The Land Before Time (1988)

Posted by on Dec 19, 2011 in Fun With Animals | 0 comments


Disclaimer: Some scary, violent moments, but no blood or gore.

This friendly animated feature from executive producers Steven Spielberg and George Lucas spawned a dozen (that’s right, 12) sequels. So while people like me toss and turn at the thought of three more Star Wars or Indiana Jones installments (or Jurassic Park, for that matter), I can always put things in perspective thanks to The Land Before Time.

Most kids (at least boys) become fascinated with dinosaurs at some point during their elementary school years. I know I did. And the film’s narrator (Pat Hingle) unfolds the first five minutes of the story like an elementary school science teacher with brief overviews of the era, the physiognomy of the dinosaurs, and why they eat certain things. It’s a perfect precursor for the little ones. As he explains, herds of herbivores (flat-toothed) are beginning to travel west as the leaf population begins to wane. Kind of like Bambi, the movie opens in the fall as baby dinosaurs hatch and concludes the following spring.

Here is where we meet Littlefoot LandBefore3(Gabriel Damon), the baby “longneck” (brachiosaur) who narrowly escapes death as he pops through his shell. Shortly after, Littlefoot tries to play with Cera (Candace Huston), a baby “three horn” (triceratops), but their parents forbid it to add a subplot message that mirrors racism. “Three horns never play with long necks,” Cera’s father states. When Littlefoot asks his doting mother (Helen Shaver) why he can’t consort with three horns, spike tails, swimmers, or flyers, she says, “We keep to our own kind. … We never do anything together.” When Cera and Littlefoot playfully chase after a frog that evening, they meet a “sharp tooth” (tyrannosaurus rex) and barely escape the beast’s clutches thanks to some help from Littlefoot’s mom. She’s not as lucky after the encounter, however, making Littlefoot an orphan, while a great earthquake separates many other children from their parents.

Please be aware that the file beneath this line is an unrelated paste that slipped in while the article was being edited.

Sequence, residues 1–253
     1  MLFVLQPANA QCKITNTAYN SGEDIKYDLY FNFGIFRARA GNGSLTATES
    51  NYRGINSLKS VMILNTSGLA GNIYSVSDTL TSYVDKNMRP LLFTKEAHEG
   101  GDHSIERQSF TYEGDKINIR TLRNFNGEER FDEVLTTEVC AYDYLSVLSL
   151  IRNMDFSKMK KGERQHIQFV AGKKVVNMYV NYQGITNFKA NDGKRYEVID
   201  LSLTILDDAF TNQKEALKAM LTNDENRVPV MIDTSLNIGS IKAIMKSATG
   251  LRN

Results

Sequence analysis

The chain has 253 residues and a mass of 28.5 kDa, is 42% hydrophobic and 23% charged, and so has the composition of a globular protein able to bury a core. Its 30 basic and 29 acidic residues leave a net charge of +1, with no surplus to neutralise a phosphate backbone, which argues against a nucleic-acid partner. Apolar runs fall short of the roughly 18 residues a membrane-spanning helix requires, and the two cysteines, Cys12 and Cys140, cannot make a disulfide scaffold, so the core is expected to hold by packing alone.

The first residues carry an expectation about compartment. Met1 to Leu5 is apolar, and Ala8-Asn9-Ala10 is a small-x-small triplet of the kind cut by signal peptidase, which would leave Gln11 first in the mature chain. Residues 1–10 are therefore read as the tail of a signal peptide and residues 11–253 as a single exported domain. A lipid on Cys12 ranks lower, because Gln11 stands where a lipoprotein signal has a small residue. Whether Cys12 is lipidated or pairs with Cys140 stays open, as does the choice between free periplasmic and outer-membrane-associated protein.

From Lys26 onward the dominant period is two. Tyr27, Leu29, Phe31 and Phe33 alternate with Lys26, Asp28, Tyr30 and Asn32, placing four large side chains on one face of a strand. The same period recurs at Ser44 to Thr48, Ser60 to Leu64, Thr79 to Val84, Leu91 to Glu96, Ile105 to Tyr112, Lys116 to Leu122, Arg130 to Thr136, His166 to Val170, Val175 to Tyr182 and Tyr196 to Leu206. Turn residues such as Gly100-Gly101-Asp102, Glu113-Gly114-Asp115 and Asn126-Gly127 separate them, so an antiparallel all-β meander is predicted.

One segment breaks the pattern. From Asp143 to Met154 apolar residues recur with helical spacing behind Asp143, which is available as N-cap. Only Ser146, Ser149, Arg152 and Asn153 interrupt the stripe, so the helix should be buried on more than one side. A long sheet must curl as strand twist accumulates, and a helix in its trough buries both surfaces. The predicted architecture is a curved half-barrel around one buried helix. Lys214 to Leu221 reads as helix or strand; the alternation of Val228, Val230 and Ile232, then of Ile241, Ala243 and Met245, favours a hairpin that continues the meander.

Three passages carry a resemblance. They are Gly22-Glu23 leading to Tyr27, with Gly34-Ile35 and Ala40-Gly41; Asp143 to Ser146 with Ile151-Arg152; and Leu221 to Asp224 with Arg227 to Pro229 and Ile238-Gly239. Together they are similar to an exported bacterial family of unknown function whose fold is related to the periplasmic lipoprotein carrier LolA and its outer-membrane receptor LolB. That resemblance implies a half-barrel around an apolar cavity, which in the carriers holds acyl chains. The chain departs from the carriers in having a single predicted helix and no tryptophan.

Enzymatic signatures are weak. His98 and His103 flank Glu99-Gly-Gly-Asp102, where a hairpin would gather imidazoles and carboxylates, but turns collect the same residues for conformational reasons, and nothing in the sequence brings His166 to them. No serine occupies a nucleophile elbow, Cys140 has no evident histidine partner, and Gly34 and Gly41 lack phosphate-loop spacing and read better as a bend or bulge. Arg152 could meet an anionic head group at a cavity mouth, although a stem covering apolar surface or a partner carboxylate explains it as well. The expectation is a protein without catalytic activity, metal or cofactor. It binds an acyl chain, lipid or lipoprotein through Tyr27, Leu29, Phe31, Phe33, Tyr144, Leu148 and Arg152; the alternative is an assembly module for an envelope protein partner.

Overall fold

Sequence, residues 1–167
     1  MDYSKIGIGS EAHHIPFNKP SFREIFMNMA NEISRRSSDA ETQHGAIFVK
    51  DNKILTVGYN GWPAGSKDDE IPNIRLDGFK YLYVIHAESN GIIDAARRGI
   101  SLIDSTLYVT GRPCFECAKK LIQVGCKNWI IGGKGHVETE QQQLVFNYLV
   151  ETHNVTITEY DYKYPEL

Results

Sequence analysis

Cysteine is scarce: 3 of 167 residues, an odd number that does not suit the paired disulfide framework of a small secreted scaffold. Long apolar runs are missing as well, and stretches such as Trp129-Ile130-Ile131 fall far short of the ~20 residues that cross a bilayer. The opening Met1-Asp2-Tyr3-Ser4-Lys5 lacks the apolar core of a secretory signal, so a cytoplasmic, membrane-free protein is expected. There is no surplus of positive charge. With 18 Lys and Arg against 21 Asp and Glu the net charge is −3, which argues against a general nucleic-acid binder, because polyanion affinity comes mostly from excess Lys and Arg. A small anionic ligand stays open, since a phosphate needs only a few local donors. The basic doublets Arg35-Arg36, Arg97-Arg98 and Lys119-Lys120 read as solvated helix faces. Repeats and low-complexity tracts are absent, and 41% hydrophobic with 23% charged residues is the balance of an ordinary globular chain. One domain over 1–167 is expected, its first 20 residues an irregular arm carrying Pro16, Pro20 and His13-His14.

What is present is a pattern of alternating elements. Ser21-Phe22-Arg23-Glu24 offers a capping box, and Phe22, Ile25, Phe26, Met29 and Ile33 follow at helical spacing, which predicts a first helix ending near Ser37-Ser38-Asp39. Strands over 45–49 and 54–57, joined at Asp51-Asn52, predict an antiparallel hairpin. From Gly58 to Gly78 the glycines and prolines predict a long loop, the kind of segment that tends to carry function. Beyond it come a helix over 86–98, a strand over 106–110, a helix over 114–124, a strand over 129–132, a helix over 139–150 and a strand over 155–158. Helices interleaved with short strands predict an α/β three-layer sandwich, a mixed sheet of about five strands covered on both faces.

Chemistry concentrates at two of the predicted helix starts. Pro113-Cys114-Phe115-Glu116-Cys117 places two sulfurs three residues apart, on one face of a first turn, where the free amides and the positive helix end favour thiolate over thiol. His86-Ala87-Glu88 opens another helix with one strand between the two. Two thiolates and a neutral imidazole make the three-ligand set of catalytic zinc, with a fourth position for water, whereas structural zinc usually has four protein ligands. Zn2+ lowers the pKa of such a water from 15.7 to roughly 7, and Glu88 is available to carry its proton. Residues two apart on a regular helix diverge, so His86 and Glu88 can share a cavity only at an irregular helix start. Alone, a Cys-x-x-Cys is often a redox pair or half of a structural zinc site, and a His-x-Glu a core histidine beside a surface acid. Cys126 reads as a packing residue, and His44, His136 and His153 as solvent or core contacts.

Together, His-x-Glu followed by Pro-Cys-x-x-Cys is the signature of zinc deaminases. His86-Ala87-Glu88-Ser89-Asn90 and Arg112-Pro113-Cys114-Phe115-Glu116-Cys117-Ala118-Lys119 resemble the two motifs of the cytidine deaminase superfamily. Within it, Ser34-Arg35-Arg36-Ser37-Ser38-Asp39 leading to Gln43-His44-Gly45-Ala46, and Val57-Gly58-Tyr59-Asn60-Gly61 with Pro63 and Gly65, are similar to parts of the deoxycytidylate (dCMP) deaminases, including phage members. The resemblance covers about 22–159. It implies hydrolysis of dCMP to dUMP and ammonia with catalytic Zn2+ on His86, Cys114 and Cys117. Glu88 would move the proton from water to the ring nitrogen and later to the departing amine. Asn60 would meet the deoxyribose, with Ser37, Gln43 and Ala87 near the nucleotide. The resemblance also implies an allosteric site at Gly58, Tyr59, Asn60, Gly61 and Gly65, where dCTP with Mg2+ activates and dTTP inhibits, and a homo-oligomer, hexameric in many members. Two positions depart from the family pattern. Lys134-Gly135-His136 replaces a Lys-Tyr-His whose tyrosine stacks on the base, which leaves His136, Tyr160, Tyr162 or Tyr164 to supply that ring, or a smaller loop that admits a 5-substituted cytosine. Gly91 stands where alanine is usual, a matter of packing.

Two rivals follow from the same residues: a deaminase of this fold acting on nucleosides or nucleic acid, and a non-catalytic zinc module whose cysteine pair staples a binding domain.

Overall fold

As the only one that knows the way, Littlefoot becomes the reluctant but determined leader of a group of misfits in search of The Great Valley, an area said to be lush with greenery. Joining him for the trip is the snotty loner Cera, curious bigmouth Ducky (Judith Barsi), scaredy cat Petrie (Will Ryan), and tight-lipped fatty Spike. Together they march through winter snow, over mountains, and through caverns, all while avoiding Sharp Tooth, who’s hot on their trail. The two most enjoyable moments along the way include baby pterodactyls comically fighting over a berry (it almost seems like an animated short), and Petrie finally learning how to fly (a climactic moment of victory worth cheering for).


Spielberg and Lucas reportedly wanted the movie modeled after Fantasia’s Rite of Spring sequence, and it definitely captures the scary factor. Though the characters are cartoon-ized creatures with slightly human features and childlike voices, their environment is a bleak and depressing one with trees, thorn brambles, and tar pits draped in black, plus fiery skies and barren deserts poured in deep red. With a running time of barely over an hour, director Don Bluth saw about 20 scenes cut during production because they were deemed too frightening. The dark adaptation of the original seems strange now, since most of the sequels turned into bright and cheerful musicals aimed at a younger audience. And there’s not a one I’d recommend like the original.

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